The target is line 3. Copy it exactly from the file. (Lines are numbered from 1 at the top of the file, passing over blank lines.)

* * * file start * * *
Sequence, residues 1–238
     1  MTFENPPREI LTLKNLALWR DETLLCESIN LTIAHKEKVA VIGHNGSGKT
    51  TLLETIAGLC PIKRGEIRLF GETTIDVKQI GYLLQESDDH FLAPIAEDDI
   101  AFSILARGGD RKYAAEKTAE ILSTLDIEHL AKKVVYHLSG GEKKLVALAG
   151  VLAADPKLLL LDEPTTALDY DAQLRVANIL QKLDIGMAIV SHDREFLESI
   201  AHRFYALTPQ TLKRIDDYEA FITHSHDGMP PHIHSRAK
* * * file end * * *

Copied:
    51  TLLETIAGLC PIKRGEIRLF GETTIDVKQI GYLLQESDDH FLAPIAEDDI